Jurors could not be penalized for their vote—unless it could be shown that they had accepted bribes. But the practice of selecting juries randomly on the morning of the trial and the sheer size of the juries served to limit the effectiveness of bribery. The Athenian court system did not operate according to precedent. No jury was bound by the decisions of previous juries in previous cases. This is a striking difference between Athenian law and more familiar systems such as Roman law or English common law. The Athenian system of justice was consistent with the prevailing opposition to elitism and the oppressive effects of received wisdom in matters of justice. Each citizen used his own common sense to make judgments based on personal belief and prevailing mores.
Private cases were put forward by the litigants themselves, and single speeches on each side were timed by water clock. In a public suit the litigants each had three hours to speak. Much less time was allotted in private suits, the time proportional to the amount of money at stake. Justice was rapid, because a case could last no longer than one day. There were no lawyers. There were no judges, only juries of the litigants’ peers. This was amateur justice—perhaps the best kind.
There were about eleven hundred magistrates or administrators in Athens whose job it was to oversee the day-to-day responsibilities of a complex communal life. There was water supply and grain supply to attend to. There were building projects. There were issues of trade. There were religious festivals to organize and oversee. Of these eleven hundred administrators, all but one hundred were chosen by allotment. An individual would put his name forward to hold a certain office in the year prior to his desired tenure. He had to be at least thirty years of age, or in some cases forty. His name was chosen at random from the pool of nominees, and he held office for a year. Generals and those in charge of large sums of money were elected.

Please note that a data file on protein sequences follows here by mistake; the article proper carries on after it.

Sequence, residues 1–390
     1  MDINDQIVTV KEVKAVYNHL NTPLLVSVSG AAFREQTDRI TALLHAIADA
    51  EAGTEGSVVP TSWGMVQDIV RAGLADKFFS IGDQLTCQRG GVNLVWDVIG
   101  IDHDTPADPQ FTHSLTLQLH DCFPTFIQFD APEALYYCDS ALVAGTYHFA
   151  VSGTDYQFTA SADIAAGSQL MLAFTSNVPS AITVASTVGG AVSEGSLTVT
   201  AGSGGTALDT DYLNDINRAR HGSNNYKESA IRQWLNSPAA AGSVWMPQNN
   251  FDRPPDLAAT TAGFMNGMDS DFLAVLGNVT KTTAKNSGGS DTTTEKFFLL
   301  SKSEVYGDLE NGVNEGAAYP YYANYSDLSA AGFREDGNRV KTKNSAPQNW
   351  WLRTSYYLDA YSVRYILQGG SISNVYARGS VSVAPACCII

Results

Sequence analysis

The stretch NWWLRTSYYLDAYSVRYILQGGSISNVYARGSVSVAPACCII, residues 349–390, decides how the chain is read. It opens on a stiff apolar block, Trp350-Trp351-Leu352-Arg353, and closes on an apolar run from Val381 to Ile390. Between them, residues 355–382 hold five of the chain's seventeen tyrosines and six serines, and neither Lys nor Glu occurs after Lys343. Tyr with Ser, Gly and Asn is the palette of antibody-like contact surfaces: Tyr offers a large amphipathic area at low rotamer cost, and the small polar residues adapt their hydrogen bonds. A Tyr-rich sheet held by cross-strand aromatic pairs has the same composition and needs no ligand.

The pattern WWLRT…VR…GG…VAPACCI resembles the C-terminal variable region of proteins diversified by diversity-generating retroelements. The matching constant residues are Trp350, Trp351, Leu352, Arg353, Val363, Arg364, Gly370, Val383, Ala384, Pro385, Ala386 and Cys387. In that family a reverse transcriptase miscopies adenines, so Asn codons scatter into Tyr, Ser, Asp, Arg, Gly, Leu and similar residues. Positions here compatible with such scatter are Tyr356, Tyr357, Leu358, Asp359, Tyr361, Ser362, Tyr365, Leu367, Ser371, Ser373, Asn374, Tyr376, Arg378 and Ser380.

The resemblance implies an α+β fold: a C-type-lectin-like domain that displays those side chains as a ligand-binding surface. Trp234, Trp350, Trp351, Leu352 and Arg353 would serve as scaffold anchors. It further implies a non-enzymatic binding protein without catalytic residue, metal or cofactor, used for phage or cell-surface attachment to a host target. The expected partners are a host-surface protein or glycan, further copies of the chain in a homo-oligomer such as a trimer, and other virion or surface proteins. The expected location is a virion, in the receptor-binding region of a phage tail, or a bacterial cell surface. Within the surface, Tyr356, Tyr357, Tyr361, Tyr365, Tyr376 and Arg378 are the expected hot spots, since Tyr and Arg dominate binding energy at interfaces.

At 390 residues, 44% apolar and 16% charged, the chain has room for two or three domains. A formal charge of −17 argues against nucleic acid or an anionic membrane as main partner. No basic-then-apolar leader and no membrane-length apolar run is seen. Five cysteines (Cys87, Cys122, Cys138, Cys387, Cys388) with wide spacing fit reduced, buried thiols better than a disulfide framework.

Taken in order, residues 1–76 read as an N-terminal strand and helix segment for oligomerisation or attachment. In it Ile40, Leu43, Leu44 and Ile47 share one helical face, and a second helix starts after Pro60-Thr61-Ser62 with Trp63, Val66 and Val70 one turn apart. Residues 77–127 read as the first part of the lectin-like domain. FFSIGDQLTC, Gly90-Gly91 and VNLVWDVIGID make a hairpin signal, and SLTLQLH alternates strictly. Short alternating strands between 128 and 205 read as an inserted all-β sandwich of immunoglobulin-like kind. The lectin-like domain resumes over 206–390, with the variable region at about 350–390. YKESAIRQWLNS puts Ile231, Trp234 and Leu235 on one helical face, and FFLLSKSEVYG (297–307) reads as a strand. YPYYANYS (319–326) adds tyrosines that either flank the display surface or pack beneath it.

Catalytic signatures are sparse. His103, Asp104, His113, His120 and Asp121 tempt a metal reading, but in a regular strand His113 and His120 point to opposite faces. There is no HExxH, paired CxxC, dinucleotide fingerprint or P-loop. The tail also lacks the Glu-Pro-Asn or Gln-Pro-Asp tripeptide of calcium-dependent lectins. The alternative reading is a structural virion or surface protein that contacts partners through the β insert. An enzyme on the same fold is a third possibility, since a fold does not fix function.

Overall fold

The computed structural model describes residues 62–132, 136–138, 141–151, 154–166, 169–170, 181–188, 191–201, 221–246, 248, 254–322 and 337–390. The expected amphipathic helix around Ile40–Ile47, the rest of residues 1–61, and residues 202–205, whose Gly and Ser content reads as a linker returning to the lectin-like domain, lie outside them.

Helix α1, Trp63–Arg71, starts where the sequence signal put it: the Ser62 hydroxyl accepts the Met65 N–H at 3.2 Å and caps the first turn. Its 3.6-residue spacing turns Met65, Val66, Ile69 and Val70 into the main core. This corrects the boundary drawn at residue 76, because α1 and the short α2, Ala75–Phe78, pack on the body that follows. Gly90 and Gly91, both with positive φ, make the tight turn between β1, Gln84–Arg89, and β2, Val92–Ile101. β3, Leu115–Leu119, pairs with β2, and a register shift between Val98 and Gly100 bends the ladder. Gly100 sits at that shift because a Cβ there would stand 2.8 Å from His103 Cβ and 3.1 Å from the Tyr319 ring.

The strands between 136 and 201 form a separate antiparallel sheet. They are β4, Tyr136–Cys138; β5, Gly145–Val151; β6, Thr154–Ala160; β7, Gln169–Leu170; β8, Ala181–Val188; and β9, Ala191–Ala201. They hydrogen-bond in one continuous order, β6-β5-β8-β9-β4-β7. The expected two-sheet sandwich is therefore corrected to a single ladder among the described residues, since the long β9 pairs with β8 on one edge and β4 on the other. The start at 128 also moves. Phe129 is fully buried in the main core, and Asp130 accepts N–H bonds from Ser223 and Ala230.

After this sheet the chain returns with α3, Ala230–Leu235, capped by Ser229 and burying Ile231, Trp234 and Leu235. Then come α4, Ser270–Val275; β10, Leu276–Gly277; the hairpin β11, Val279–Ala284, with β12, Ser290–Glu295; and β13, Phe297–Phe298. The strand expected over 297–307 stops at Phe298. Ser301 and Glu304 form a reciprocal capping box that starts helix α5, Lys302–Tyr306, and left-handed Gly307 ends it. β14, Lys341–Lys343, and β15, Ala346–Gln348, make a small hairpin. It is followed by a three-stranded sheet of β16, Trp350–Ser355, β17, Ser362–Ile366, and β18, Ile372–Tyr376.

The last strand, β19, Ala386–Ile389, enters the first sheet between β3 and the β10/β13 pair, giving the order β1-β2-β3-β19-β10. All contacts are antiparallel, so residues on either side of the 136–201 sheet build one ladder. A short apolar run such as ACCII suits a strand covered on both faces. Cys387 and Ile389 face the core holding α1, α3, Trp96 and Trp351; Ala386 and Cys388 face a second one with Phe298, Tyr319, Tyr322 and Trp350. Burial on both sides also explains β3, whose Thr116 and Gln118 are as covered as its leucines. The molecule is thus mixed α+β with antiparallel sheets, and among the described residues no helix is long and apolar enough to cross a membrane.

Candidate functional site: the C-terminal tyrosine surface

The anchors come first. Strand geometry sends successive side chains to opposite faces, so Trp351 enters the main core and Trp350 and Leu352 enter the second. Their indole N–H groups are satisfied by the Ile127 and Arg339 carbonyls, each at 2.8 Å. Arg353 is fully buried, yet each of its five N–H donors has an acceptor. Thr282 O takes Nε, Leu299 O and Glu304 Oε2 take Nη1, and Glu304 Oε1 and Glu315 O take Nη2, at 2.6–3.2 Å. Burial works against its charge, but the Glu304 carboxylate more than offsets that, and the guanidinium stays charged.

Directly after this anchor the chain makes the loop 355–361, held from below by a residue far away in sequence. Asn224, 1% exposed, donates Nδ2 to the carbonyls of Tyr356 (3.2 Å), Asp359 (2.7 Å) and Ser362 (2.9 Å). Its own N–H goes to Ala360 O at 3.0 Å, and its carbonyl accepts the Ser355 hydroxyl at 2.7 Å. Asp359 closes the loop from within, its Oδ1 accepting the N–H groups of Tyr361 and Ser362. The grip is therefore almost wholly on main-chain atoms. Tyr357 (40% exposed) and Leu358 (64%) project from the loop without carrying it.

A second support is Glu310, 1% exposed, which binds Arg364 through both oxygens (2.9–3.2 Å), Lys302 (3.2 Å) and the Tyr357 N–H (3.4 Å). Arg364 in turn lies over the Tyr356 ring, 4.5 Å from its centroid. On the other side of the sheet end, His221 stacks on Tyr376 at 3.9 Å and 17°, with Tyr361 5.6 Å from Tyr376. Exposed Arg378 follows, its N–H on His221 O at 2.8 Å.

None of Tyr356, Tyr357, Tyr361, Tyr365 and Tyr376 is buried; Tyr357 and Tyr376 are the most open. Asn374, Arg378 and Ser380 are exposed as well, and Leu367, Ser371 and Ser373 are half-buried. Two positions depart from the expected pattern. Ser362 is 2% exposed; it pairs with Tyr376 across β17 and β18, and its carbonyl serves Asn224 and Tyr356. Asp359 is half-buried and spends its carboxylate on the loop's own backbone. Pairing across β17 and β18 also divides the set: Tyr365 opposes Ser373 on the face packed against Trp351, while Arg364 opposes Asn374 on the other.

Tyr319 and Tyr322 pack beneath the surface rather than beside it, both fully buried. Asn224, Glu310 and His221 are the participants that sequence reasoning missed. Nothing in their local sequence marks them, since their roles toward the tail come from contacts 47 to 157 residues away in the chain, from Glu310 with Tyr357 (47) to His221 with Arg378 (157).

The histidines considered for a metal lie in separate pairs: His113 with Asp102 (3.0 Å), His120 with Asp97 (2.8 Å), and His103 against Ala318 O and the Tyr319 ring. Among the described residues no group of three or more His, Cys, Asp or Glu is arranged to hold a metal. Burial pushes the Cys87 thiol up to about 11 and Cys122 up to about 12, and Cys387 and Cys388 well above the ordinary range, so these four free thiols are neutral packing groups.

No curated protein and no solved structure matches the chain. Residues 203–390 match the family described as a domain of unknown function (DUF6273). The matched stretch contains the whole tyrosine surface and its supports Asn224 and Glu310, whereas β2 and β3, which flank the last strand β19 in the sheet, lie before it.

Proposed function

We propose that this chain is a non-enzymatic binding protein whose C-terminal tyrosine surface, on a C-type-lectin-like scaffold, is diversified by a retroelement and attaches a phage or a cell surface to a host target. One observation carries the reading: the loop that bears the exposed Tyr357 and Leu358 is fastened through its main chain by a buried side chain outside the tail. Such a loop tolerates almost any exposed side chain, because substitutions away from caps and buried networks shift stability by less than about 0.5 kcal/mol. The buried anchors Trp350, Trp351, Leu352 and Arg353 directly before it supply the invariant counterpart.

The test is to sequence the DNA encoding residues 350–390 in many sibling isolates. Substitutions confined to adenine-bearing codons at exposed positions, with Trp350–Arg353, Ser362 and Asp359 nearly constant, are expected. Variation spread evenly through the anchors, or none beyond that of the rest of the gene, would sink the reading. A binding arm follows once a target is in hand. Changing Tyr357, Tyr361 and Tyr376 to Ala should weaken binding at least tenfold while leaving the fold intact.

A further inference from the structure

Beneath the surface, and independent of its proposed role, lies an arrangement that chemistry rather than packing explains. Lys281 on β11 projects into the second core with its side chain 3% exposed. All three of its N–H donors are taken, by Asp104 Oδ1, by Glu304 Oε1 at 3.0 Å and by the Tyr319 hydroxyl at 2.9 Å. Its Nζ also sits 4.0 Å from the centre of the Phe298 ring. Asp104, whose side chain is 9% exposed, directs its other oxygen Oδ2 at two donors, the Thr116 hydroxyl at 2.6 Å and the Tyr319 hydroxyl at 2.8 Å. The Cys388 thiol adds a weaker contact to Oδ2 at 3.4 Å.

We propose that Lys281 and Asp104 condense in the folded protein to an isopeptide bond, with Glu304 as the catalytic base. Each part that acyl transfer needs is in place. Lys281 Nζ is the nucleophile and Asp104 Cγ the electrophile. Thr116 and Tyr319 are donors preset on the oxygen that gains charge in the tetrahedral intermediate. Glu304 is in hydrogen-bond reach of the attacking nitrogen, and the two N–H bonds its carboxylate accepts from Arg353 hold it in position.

It was assumed that magistrates had no special expertise. The lack of expertise was mitigated by the fact that magistrates served as part of a panel overseeing a certain function, and that what one lacked in knowledge another might have. A magistrate could hold his position only once in a lifetime, another way of minimizing the amount of harm any individual could cause. As a further precaution, all magistrates were subject to a review beforehand that might disqualify them for office. Any citizen could challenge a magistrate for his conduct, leading to a trial that could result in his being removed from office and possibly penalized. Thus, accountability to the citizenry was built into the system at the most fundamental level. Even Pericles, the most esteemed figure in Athenian life, could be chastised and fined for his conduct of the war with Sparta.